trans dads? counting cards

What do other trans women do about the d-word? And what are they expecting, if they have kids, come Father’s Day.

Intriguing one. A friend recently opined that she thought my daughter’s continuing use of “dad” was disrespectful. I said I felt otherwise: that I regarded father as a biological role – and so didn’t mind being identified as such (though it does cause grammatical havoc, with sentences like “My dad, she…”).

Besides, I do knkow a lesbian couple who have adopted and have tended to split, with one parent being mum, t’other dad.

However, I do like getting cards on the various commerce-fests dedicated to celebrating mums and dads and birthdays and the like. And there really is next to nothing out there appropriate.

Andrea has been researching and she says she managed to find a card for a gay dad – which is some progress: but the greetings card industry doesn’t yet appear to have woken up to trans dads.

So-o. What would you recommend (apart from the ubiquitous blank card)? Is it proper for a trans woman to receive a father’s day card anyway? And if you were given the task of designing such a thing… what would you do? What sort of (catch) lines would you adopt?

jane
xx

9 Responses so far »

  1. 1

    Dru said,

    I’d say it was a matter for careful discussion and negotiation between the trans parent and the child(ren)- it can be important for a child that, in a life presented with changes above and beyond those experienced in the average family, they can hold onto the ‘daddiness’ of the MtF parent. This does not necessarily mean denial of ones present identity; we all have only one father, and for those of us whose father happens to be a woman, then the two terms do not have to be yoked by violence together…

    …it can be a good laugh, sharing with the child(ren) the sense of inappropriateness of the usual Father’s Day guff to our circumstances.

  2. 2

    Lucy Melford said,

    Without suggesting that you do or ever would usurp any part of Andrea’s territory, I reckon that your previous dadship probably now has a mumsy flavour to it. So perhaps you could style yourself ‘Fother’. But perhaps not the more colloquial alternative of ‘Dum’!

    Playing with this further, ‘Mather’ could be acceptable, but ‘Mad’ seems to strike the wrong note somehow.

    Lucy

  3. 3

    Danielle Davis said,

    Perhaps we need a gender-ambiguous parent day?

  4. 4

    Paula said,

    This American day didn’t exist when I transitioned.. my daughter treats me like a crazy aunt.. Suits me just fine and keeps her mothers insanity plagued family off our backs. I think the best mission is to completely ignore such nonsense as “fathers day” .. Mothers day had a historic reason which was to give the galley slave a day off one Sunday a year.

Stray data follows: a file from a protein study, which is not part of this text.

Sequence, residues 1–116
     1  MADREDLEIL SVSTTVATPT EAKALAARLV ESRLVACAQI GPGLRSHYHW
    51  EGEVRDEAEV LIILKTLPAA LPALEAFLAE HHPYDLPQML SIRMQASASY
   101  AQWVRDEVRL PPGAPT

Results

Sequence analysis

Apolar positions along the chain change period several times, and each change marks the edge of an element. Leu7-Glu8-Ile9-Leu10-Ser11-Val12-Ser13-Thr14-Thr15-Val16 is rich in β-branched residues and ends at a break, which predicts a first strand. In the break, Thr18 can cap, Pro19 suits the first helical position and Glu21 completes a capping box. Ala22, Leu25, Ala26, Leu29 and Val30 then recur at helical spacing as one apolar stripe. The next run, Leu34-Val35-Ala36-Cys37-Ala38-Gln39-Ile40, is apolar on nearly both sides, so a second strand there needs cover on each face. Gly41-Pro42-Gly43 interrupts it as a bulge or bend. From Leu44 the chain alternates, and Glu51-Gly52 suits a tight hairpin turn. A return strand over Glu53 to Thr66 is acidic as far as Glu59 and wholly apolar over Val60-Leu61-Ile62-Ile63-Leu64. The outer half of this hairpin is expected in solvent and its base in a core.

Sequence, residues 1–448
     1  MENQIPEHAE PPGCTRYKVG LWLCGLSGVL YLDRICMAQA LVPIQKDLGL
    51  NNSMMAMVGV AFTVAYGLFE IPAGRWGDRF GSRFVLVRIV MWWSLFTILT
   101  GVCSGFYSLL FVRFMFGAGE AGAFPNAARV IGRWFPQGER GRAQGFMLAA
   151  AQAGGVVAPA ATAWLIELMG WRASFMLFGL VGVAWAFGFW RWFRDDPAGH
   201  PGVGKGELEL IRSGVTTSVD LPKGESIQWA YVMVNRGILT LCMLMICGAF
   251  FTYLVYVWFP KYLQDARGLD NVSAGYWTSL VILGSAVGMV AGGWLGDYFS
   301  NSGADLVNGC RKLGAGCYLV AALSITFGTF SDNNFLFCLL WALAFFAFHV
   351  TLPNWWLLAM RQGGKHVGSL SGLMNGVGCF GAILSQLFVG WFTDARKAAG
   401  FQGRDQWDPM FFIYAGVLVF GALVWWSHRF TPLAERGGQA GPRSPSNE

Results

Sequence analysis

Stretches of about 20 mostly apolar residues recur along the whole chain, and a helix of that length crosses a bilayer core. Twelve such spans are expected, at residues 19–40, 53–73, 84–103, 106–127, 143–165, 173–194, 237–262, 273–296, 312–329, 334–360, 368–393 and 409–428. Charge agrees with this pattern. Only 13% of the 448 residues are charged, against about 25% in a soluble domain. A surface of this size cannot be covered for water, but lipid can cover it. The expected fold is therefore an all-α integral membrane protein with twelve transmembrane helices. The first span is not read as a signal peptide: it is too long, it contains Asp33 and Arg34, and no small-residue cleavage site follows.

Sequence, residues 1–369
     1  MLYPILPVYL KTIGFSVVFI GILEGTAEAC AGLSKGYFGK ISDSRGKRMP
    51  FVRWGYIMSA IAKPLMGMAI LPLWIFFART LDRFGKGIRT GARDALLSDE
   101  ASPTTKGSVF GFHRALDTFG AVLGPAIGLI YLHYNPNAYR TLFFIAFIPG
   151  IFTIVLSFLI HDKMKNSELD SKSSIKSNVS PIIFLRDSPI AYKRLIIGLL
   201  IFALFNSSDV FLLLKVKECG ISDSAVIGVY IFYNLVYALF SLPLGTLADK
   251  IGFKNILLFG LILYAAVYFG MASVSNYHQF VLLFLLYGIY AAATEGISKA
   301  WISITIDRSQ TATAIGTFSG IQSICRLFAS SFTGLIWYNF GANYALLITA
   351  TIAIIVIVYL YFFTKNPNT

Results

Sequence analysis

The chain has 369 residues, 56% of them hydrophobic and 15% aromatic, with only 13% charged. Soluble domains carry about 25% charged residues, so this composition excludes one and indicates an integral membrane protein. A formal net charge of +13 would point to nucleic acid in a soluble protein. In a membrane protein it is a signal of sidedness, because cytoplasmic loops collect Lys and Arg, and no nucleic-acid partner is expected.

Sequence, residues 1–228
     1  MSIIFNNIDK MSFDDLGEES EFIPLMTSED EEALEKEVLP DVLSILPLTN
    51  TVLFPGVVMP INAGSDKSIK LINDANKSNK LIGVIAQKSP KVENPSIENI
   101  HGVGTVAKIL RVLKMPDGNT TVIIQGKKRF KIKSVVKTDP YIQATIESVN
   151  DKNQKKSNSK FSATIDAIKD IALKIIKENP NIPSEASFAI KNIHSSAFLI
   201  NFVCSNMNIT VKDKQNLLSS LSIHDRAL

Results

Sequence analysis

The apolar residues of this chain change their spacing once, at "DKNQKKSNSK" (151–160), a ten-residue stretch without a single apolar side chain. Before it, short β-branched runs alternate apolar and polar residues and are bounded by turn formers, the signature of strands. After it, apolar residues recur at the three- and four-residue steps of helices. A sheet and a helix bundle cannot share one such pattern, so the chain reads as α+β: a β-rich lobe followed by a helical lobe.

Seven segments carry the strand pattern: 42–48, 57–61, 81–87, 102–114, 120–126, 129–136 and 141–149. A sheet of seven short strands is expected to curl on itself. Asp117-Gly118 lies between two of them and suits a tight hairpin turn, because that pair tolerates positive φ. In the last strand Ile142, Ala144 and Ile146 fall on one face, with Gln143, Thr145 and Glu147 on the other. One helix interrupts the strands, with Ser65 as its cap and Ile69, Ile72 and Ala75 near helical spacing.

5. 5

    I think this is a situation that comes down to the relationship between the two people such as yourself and your daughter.

    I’m male to female myself, yet both my parants refer to me as “son” still. I know a lot of LGBT people might take offence at this, but the key part here is that they are my parents and that they love me. In time they may well start referring to me as “daughter” instead, but my relationship with my parents is way more important that what they call me.

    I personally think it goes back to something I once heard. When we transition the person we appeared to be in other peoples eyes for all intend purposes is dead. Just look at how much of what we physically own we tend to throw away when we start to go full time. If my parents call me Zoe, and She, and get most of it right – then I don’t feel harmed seeing them make that effort if there use of the word “son” helps them connect the new me to the old one and reduce some of the pain they may feel.

  6. 6

    Carka said,

    I’m pretty sure I would find “Dad” upsetting – but then I don’t have any children yet, if I ever choose to do so.

  7. 7

    Sabine said,

    Dunno about the UK – but over here Father’s day is on Ascension and the usual activity is for fathers to gather in groups in the countryside and drink themselves senseless with beer dragged along in a small wagon.

    Not exactly a card-giving occasion unless it’s a get-well card.

  8. 8

    Jane Bloggs said,

    This is so ironic you posted this Jane, I was just thinking about this yesterday after coming across that Daily Mail interview you guys did at the start of your transition.
    (It mentioned the “Dad name” issue briefly)…

    I have no idea myself (I can’t have kids anyways ) ,but I really see where ZeeJay is coming from.

  9. 9

    Caroline said,

    Never went in for procreation, did not want another soul to suffer on this earth by my efforts and I could not feed a cat on my income anyway but…

    A friend’s daughter,canny thing, had me down as first choice if disaster struck her parents and to make sure I knew sent a father’s day card each year. She is in her mid twenties now and has not long changed to Mother’s day cards, I don’t think she still needs me in an emergency any more and I don’t expect to be looked after in my old age either!


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